One way Kaizen can be effectively implemented is by training all employees in the workplace. Kaizen can be used in the workplace as a daily practice, practiced in scheduled events, or a combination of both. A key element to Kaizen is involvement of all. Implementing Kaizen should not be kept solely between managers and supervisors, but rather frontline workers and workers from different departments will need to be involved and their voices heard.
Any Kaizen strategy or plan that is to be implemented should go through the Plan > Do > Check > Act (PDCA) Cycle. The PDCA Cycle is crucial to all conducted Kaizen activities and provides a framework to implementing Kaizen in the workplace. Whether it’s a Gemba walk or a Kaizen blitz, the PDCA Cycle can be an extremely helpful tool.
- Plan: Asses the current state of processes and look to identify improvements. If a problem exists, it should be examined in detail. A team of workers from different levels and departments can come together to develop possible solutions and ways these solutions can be executed. Information should be gathered in order to make informed decisions about how to proceed with the rest of the cycle.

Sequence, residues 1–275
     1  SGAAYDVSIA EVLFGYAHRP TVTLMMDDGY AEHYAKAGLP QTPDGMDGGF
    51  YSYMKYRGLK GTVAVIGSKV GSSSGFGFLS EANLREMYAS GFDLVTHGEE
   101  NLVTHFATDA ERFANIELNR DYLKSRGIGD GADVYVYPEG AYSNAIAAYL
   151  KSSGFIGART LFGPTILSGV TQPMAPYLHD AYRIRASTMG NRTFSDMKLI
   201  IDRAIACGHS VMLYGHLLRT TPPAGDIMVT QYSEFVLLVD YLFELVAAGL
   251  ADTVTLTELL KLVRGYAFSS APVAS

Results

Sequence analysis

- Do: Plans should be executed in this stage. Everyone who is involved in the work process or those who will be affected by the changes will need to understand the changes taking place. Being thorough with this implementation phase is key to getting accurate results.
- Check: Follow up on the changes and evaluate the effectiveness. Measurable data should be collected and compared to how things were operating previously.
- Act: If the changes implemented were effective they should continuously be used and will serve as a basis for a new standard. The standards created will then be used as the new point of reference for future PDCA cycles.
It is important to remember that PDCA is a cycle and should be worked through continuously. Once a process is improved or an issue solved, there is always room for even further improvement and it is crucial to Kaizen to explore these avenues.
- Is there a difference between Kaizen and continuous improvement?
- What are Kaizen techniques and tools I can use?
- Who created Kaizen?
- What is Kaizen?
- When should Kaizen be used?
- How does Kaizen improve productivity?